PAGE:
Actuarial Innovation and TechnologyQ&A with Kevin J. Pledge and R. Dale Hall August/September 2019
Last year, the Society of Actuaries (SOA) developed the Strategic Research Program Initiative to determine key themes of strategic research for the future. One of these areas is on Actuarial Innovation and Technology. Kevin J. Pledge, FSA, FIA, chairperson of the initiative’s task force, and R. Dale Hall, FSA, CERA, MAAA, SOA managing director of Research, discuss this strategic research program and the initial reports released.
Student Research Case Study
The SOA announced the winning entries of the 2019 SOA Student Research Case Study Challenge. Sixty-three teams of actuarial students from colleges and universities around the world participated in this research challenge, where they designed an autonomous vehicle insurance policy and actuarial projections of loss costs. Students from Drake University in Des Moines, Iowa, received first place. Their entry highlighted a variety of new policyholder behaviors, cybersecurity risks and changes in vehicle-miles exposures that would emerge with the implementation of autonomous vehicles.
Living to 100 Insights on the Challenges and Opportunities of Longevity
The SOA Research Expanding Boundaries Pool, the Committee on Life Insurance Research, the Product Development Section and the Committee on Knowledge Extension Research released a report that provides an overview and analysis of the mortality models, theories and trends. This literature review offers context on longevity challenges.
What is the core focus of this strategic research program?
Pledge: The Actuarial Innovation and Technology Research Program focuses on the impact new technologies have on actuarial work and on traditional employers of actuaries. We have several projects in development that include studying accelerated underwriting, machine learning, telematics and other innovations relevant to the actuarial field and the insurance industry. This research program purposefully covers both global and country-specific topics. In fact, the members of our Strategic Research Steering Committee reflect this international mix of ideas and representation. You’ll notice a variety of topics that are global, while still providing research specific to Canada, China and the Asia Pacific region, and the United States.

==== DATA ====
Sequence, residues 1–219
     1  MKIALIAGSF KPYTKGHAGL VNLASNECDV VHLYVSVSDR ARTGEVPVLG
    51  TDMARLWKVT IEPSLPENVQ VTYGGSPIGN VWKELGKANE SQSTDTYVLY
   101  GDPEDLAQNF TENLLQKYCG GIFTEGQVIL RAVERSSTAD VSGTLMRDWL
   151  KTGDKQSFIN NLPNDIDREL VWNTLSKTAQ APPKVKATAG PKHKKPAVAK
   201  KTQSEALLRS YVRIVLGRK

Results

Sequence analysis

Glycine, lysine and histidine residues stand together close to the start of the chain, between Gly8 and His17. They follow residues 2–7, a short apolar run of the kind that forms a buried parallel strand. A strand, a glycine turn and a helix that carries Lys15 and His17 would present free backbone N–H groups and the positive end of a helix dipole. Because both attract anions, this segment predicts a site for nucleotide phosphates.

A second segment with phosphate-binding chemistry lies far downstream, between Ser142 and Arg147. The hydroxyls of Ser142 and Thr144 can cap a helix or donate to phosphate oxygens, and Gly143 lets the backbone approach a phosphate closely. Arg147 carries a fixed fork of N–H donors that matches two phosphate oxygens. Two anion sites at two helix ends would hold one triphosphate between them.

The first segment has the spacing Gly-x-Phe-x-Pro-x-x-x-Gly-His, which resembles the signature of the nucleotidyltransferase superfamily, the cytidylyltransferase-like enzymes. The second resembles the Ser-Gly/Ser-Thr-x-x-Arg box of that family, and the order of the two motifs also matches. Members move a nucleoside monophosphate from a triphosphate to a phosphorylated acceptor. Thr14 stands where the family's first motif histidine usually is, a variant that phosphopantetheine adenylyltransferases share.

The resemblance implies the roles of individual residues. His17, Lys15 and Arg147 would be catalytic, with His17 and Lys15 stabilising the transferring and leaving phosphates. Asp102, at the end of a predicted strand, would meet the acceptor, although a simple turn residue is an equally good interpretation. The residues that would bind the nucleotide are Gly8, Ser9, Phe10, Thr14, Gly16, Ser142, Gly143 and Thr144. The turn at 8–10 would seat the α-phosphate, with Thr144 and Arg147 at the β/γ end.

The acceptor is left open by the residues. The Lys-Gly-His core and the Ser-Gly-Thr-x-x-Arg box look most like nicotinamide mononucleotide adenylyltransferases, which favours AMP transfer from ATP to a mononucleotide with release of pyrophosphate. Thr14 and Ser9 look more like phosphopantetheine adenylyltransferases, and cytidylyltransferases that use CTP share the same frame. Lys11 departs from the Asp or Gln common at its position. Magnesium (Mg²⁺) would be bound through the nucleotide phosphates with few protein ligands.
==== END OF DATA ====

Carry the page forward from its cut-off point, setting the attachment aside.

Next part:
Can you please tell us about the initial research released?
Hall: We’re proud to have completed around 10 papers on topics covering technology and innovation. There’s certainly more to come in the future. The best place to start is our paper identifying the top technology developments and tools of particular interest to actuaries. These include data visualization, predictive modeling, cloud computing and storage. We’ve also explored big data, looking at how insurers currently are using technology to compete on more than price by developing proprietary platforms and connected products that empower consumers to better connect their decisions to their health, safety and wealth. This work also reveals that insurers are offering more user-centered solutions.
Pledge: I’m particularly excited by the research on behavioral science and ethics in artificial intelligence, as these are topics that impact me almost every day. There is also research in progress to be updated on a regular basis, such as on top technology developments and property and casualty insurance policies involving autonomous vehicles. We’ve also released literature reviews on microinsurance and predictive modeling in insurance applications. The microinsurance research examines challenges in microinsurance, rating processes, distribution, payment and claims. The predictive modeling report documents the processes used in our industry today, and it also offers case studies on model evaluation, deployment and governance.
What are some of the other topics related to this program?
Hall: Our research involving technology and innovation includes a variety of subject areas and past reports from our organization. For instance, we’ve released a study on the impact of cancer genomics, providing insights on the cost effectiveness of tumor genetic analysis and immunotherapy. We also have research that explores the potential impact on the U.S. life insurance industry if there were legislative changes to ban the use of genetic testing information in the life insurance process.
What are the next steps and upcoming developments?
Pledge: In addition to the research, we have also gathered a collection of articles to serve as a resource in further learning about technology. These topics include cloud computing, blockchain, cyber risk, InsurTech, telematics, wearables and the Internet of Things.
We have about 20 volunteers on this strategic research committee. While this may seem like a large group, we cover a wide range of topics and geographical regions. We are also open to suggestions from SOA members. That’s the exciting thing about innovation—you don’t really know what is next. So, send us your ideas.
Some of our research projects’ findings will be presented at the 2019 SOA Annual Meeting & Exhibit in Toronto this October. We look forward to continually creating more research studies and reports covering innovation and technology, including in the near future. And, also, we want to thank all of the steering committee members and the various Project Oversight Group members for their ongoing support and guidance in launching and building upon this research program.
Copyright © 2019 by the Society of Actuaries, Schaumburg, Illinois.